Question on drinking vessel finish and pyrography
- I'm making a copy of one of the drinking vessels from the Sutton Hoo
Ship Burial out of Maple burl, and was wondering, what, if any finishes
were used historically to finish such an item?
Any references would be greatly appreciated.
Oh, and while I have a couple of minor references, any good ones for
pyrography (aka poker work) in the medieval period would be greatly
Phillipos the Skeptic
- --- In firstname.lastname@example.org, Copernicus Skygazer
> I'm making a copy of one of the drinking vessels from the Sutton HooThe problem is, finishes don't last, actually -knowing- what they
> Ship Burial out of Maple burl, and was wondering, what, if any finishes
> were used historically to finish such an item?
used is, well, tough.
If you do a search of this groups archives on "" "salad oil" finish
"" you will see a discusion we had last April. Where we talked about
Olive Oil (I tried it, didn't like it) and Walnut Oil (and maybe others)
Personally, for food surfaces I use modern. I do a buffed oil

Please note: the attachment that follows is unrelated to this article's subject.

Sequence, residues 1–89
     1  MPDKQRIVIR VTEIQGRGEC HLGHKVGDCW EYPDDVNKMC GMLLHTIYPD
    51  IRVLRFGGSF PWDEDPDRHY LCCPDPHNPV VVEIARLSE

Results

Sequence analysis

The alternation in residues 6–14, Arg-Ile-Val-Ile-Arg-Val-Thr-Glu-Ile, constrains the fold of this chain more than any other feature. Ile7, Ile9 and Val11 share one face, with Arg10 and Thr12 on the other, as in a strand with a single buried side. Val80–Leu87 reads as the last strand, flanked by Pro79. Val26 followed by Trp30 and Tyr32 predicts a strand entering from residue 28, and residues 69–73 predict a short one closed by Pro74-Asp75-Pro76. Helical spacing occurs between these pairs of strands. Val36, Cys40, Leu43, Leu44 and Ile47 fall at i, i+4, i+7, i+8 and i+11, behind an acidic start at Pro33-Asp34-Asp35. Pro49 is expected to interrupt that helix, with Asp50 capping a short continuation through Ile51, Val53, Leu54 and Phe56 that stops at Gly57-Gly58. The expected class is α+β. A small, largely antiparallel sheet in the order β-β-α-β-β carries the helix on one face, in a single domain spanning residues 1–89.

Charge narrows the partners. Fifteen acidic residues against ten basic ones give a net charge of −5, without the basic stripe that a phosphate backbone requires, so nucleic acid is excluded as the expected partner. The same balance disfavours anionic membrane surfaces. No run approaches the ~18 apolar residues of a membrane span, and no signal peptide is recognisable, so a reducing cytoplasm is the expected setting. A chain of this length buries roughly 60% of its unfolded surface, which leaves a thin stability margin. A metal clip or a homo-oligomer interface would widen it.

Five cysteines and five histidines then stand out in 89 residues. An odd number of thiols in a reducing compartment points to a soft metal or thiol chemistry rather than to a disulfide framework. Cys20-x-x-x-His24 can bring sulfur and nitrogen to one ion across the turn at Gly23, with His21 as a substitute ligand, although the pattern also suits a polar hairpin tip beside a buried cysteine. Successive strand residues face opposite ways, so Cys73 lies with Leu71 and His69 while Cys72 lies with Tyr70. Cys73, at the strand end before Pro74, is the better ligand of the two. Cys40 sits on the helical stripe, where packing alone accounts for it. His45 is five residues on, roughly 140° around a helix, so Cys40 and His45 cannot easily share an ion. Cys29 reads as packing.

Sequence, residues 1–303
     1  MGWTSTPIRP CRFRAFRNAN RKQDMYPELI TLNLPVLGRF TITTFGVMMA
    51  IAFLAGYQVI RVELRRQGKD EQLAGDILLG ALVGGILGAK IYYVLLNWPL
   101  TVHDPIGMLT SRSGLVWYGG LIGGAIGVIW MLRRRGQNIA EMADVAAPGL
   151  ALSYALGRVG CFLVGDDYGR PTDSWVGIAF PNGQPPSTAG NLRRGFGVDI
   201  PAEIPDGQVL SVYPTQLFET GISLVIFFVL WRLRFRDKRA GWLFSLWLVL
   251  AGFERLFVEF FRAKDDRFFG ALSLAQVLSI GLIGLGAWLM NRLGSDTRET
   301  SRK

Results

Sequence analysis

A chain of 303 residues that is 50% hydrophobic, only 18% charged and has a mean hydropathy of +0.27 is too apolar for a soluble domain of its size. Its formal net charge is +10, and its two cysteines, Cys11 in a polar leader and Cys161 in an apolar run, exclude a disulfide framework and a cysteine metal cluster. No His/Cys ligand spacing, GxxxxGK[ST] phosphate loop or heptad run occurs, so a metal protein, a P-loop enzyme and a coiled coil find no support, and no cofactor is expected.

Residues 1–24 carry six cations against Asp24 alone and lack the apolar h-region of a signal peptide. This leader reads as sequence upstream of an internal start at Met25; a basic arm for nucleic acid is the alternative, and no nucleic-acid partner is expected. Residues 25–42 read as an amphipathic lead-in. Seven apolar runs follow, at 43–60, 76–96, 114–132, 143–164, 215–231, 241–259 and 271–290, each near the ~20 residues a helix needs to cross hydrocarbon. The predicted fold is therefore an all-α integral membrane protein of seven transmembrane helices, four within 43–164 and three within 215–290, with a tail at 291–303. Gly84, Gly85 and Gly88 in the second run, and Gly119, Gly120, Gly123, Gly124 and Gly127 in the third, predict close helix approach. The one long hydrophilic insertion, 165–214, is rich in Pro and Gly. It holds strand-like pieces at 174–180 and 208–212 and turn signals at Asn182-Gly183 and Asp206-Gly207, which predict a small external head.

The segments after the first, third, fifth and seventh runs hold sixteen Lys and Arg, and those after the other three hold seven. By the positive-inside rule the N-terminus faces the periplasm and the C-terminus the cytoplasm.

(Danish) exterior and a food-safe poly interior. That way the user
never has to worry about if the food/drink will pickup anything from
the bowl. Remember that there people that are alergic to nut oils
> Any references would be greatly appreciated.If I recall correctly there is something in the standard "English
> Oh, and while I have a couple of minor references, any good ones for
> pyrography (aka poker work) in the medieval period would be greatly
Oak Furniture" book (that most of us appear to have)
A further really good refence you might want to find is York Trust
Book "Craft, Industry and Everyday Life: Wood and Woodworking in
Anglo-Scandinavian and Medieval York" ISBN 1 902771 10 9
Lots and lots of good period turning info there.